As spring approaches it’s tempting to tackle the cobwebs that have knotted up the corners of the greenhouse, but I like to leave them for the long-tailed tits.
These beautiful little birds weave a soft, delicate nest out of lichen, moss or sheep’s wool and then almost stitch it together with sticky cobwebs so that the nests can expand as their chicks grow.
Long-tailed tits are one of Britain’s earliest nest builders - I have seen them begin in the first week of February whilst there is still snow on the ground -but this early start can lead to problems because there is no leaf cover to hide behind at this time and it’s not unusual to find their elaborate nests ripped apart by corvids – especially magpies.
After watching a pair of adult birds build a nest using cobwebs collected from my greenhouse I painted the picture below.
The ways in which different species build their nests is so fascinating I have made it the subject of a new exhibition which opens tomorrow here at my gallery in Thixendale, North Yorkshire.
I have secreted 12 nest cams into nesting sites hidden all over my garden so that visitors can watch live as birds build their nests.
Already a tawny owl has laid two eggs for Easter and is now busy incubating them. It was incredible to watch as the female dug a nest scrape shortly before hand and the camera captured the male and female preening one another's faces affectionately.
The cameras also show the action in a barn owl nest box and a tree sparrow, which is busily creating a hollow cup shape out of lichen and moss using just its beak. The tree sparrow will go on to build it up into a tall domed structure, which could become a problem if the dome obscures the camera.
There are no shortage of tree sparrows here at Thixendale. When I moved here 17 years ago there was just one nesting in the roof of the house, now there are over 30 pairs. They have even taken over house martin boxes and once nested in a pair of old walking boots I put out for robins.
One camera shows a pernickity blue tit which cannot decide which nest box to choose and I've been watching it dive in and out of several, spreading out its wings as if trying it for size.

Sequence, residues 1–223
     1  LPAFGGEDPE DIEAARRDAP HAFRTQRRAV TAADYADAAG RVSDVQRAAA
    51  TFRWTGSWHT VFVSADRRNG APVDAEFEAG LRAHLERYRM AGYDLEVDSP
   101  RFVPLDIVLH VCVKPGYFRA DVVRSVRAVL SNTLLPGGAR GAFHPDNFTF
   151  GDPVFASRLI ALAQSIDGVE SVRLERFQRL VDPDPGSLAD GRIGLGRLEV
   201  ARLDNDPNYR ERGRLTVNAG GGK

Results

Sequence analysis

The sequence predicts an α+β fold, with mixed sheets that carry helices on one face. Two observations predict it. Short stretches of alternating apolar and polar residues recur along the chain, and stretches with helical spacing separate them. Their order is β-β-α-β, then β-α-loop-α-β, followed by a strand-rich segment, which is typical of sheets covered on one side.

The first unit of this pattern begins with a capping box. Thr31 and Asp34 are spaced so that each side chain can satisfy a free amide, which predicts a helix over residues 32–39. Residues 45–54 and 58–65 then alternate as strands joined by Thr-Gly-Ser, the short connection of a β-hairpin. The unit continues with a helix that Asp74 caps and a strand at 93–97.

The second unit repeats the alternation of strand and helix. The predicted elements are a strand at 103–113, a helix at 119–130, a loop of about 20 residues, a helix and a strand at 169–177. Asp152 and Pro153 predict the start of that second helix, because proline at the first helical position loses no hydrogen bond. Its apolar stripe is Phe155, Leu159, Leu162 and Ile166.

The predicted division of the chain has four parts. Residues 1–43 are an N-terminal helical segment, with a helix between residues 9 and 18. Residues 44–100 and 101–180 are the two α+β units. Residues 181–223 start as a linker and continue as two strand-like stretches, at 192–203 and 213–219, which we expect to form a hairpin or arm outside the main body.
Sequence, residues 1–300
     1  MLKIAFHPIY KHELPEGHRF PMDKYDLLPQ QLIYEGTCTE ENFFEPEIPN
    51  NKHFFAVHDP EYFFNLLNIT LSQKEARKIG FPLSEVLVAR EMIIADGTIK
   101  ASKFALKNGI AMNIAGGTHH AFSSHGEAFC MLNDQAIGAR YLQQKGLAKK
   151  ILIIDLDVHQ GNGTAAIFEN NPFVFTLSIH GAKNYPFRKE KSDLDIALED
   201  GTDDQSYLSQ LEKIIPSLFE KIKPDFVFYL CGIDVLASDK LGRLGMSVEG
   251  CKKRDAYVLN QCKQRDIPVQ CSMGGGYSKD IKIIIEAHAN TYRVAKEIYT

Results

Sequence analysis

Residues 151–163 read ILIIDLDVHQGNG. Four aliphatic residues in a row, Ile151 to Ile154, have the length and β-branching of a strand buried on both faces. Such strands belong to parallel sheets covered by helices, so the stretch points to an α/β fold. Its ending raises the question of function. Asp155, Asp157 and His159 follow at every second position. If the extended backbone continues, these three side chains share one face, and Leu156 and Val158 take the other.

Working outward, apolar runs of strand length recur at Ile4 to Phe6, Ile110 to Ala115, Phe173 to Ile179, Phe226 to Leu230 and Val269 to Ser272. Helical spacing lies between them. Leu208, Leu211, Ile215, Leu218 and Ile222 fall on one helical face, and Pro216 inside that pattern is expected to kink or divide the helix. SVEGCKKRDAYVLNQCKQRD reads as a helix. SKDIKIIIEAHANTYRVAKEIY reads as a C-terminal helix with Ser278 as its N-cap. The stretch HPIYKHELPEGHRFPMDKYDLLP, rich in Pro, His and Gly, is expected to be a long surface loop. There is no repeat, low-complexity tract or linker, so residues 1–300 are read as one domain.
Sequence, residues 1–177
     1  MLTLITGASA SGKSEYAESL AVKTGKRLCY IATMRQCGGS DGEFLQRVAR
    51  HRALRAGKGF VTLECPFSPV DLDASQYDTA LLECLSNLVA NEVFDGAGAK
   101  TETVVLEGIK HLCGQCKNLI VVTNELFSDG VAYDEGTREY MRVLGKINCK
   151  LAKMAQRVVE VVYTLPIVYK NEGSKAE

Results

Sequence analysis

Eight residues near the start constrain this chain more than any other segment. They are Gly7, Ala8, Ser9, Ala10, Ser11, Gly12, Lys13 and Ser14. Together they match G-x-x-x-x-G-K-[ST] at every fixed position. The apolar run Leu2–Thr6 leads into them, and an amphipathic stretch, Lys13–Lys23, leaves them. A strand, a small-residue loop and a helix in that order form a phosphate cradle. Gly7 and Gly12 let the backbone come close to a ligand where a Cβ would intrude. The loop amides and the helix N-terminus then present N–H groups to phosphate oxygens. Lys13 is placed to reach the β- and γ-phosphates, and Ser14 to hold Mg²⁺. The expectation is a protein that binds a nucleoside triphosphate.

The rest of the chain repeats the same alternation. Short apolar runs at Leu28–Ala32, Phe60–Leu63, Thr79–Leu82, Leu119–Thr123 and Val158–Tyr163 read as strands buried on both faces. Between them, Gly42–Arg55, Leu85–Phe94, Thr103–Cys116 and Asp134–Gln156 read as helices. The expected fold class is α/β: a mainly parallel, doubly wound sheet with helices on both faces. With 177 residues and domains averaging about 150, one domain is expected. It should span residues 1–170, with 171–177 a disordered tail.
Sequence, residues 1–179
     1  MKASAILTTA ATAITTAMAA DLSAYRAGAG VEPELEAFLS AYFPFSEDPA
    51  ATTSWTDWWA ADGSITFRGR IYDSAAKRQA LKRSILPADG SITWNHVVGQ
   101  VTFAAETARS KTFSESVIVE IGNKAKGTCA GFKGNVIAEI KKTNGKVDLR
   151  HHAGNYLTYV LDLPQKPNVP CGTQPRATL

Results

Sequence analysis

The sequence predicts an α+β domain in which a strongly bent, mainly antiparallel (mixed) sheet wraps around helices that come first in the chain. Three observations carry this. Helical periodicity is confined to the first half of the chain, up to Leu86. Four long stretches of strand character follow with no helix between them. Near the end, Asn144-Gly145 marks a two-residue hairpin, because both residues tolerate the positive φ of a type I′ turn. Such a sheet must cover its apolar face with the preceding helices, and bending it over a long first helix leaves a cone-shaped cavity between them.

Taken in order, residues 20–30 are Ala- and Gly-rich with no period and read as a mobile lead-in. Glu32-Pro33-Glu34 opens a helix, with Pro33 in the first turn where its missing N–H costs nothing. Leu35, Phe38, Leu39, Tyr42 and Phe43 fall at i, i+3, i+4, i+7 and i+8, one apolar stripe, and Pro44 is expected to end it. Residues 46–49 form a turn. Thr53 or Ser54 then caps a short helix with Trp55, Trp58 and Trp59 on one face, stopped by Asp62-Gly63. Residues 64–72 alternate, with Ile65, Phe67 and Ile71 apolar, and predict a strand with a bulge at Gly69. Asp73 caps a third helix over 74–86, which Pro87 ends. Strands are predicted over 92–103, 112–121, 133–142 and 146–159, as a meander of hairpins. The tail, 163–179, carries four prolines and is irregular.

And this week a new pair of robins have begun nesting in a storm lamp I hung over the back porch, so I hope to link a new camera to this site so that visitors can watch the robin as it constructs a cup shape out of the dried leaves it has been collecting.
I like to put out attractive objects for the birds to nest in as they make wonderful props and backdrops for my paintings. Last year I also persuaded some swallows to nest in this storm lamp.
This is now the second pair of robins I have in the garden, which is very unusual for such a territorial bird. The other pair seem to have made the front garden their territory where they continue to persist in trying to build a nest in the back of my Landcruiser.
I'm taking the fact there are now two pairs here as a personal compliment for all the hard work I have put in to planting up what was once a bare hillside. Over the years I've planted a small woodland, a wildflower meadow and a great number of shrubs and bushes to attract the birds. Clearly the food supply is now plentiful enough to support more than one pair of robins.
If you are in North Yorkshire this month don't miss the chance to visit the exhibition. There will be paintings and photographs of different species on the nest and plenty of real nests for families to see and learn how to identify.
The exhibition runs until April 26th and is open daily. http://www.robertefuller.com/acatalog/EVENTS.html